Generating Procedural Myths and HistoriesJune 25, 2017 | View Comments | |
I was thinking about entering PROCJAM this year, and thought about making something to generate random histories and myths. I wrote The Lives of the Kings of Cere to illustrate what sort of texts I wanted it to make, which you can read here.
My inspiration comes from the myth generator being developed by Bay12 Games, which Tarn Adams speaks about here. It starts with a single entity (a god, a cosmic egg, etc.) which proceeds to randomly spawn and interact with other entities (which spawn more entities, and so on). The result is a list of interactions and spawnings, which together make up a complete mythology.
I’d like to take this approach further by adding more states to the entities, which will guide their interactions (and hopefully make them more sensible). I’d also like to use a scheduling system (developed for The Amaranth Saga) so that events can take place over anything from days to millenia (defined with probabilities like 1% per month or 1% per century).
The idea is that, as the generator runs, entities change state, altering what interactions and events they may have. Civilisations may enter periods of prosperity and decline, gods may become dormant and reawaken, etc. State can also give things personality. King Sturgyx may be tagged as violent, and become more likely to declare wars, whereas Queen Ihyrta may be tagged strategic and become more likely to win. Tags may be passed on to children, giving events more consistency over time.
I believe this approach can create fairly high-quality histories, and indeed there’s precedent for this. Drawf Fortress’ Legends more allows the player to browse through the history of a procedurally generated world, and it’s full of interesting phenomena not directly added to the system. For example, in Dwarf Fortres histories, you occasionally see monsters and warriors racking up hundreds of kills in battle - this results from an underlying model where characters gain experience (i.e., state) from killing.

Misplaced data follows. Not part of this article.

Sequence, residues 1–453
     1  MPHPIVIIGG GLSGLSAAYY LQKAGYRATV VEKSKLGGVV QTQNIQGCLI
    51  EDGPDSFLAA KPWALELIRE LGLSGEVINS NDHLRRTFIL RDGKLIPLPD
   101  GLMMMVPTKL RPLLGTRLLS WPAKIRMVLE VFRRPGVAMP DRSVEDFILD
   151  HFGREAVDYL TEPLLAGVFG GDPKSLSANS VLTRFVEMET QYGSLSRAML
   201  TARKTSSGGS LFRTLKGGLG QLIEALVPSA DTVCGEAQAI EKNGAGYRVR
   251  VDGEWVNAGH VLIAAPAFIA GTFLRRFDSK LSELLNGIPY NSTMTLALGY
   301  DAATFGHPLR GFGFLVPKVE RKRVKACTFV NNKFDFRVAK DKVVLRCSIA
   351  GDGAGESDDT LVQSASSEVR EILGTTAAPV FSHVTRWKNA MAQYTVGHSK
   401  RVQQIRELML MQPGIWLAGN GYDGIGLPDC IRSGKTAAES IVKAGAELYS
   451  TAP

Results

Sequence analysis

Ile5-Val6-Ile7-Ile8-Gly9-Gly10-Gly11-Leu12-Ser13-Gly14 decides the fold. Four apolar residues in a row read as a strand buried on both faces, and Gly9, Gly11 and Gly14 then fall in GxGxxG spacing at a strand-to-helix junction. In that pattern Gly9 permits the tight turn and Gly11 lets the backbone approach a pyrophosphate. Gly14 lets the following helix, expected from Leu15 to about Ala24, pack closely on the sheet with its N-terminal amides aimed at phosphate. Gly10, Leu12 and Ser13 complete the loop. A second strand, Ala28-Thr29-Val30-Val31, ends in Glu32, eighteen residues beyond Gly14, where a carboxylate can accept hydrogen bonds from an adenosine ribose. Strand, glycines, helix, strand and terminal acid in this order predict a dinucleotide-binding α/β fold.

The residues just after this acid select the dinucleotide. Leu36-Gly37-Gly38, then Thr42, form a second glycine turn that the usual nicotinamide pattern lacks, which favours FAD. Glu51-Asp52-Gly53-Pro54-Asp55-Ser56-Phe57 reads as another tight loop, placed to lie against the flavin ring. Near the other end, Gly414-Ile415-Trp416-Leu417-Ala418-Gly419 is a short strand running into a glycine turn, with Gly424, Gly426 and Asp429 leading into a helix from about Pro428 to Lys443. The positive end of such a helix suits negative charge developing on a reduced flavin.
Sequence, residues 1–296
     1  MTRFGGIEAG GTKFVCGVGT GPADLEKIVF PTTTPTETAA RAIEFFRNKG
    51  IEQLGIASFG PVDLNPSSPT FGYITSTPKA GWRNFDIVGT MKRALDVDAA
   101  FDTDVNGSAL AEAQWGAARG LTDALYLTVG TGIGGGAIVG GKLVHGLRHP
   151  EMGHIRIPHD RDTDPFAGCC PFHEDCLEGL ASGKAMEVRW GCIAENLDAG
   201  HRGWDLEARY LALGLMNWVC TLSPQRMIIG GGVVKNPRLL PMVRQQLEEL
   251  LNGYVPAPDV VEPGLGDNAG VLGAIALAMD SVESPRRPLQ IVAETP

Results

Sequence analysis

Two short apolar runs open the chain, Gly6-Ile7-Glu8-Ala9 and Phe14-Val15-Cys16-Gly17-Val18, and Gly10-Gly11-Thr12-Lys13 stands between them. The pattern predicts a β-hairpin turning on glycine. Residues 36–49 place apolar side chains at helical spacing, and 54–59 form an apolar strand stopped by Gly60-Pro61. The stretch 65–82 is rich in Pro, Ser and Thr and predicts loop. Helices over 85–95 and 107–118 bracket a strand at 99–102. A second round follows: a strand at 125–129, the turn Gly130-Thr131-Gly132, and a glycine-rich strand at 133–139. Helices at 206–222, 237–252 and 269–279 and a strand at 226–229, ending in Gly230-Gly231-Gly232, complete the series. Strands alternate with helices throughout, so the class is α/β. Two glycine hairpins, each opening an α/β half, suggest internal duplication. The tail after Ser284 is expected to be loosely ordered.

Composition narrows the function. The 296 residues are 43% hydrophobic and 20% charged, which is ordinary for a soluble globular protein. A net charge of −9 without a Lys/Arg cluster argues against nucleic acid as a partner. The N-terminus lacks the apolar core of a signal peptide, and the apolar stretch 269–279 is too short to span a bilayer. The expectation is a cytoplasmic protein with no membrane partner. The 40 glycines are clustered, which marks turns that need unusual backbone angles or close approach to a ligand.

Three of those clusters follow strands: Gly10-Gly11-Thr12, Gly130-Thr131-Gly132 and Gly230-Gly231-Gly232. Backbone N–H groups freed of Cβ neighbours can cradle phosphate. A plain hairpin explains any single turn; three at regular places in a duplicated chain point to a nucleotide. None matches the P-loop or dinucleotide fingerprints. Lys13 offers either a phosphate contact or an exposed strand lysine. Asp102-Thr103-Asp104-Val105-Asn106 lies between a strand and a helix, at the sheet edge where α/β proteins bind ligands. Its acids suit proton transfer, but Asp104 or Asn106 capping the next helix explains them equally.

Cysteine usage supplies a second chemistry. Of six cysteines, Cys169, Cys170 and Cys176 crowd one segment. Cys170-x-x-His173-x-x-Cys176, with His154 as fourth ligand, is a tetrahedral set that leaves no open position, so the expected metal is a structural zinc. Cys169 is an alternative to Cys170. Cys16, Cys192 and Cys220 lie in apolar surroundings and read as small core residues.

Now, Dwarf Fortress is not intended to generate texts - its histories are read by clicking links, similar to browsing Wikipedia. I propose to generate histories by focussing on particular subjects (like a particular nation), filtering out irrelevant events and information. The History of Elmshire (for example) might contain only events occuring in that place, whereas The Chant of Ibis may include events related to Ibis and their immediate family. Chapters of texts could cover particular time periods or side-characters, not always in chronological order.
Finally, having mythic histories spanning (potential) millenia raises interesting historiographical issues. If Abanas the Creator of All Things wanders the cosmic desert for a thousand lifetimes, we don’t want to later say Emperor Such-and-such was born in the year 50000. Either dates could be left out, or we could use Regnal Years often used at the edge of history, like “In the 27th year of Queen Sangawe’s reign”. This might actually add to the final text, challenging readers to put events in their proper orders.comments powered by Disqus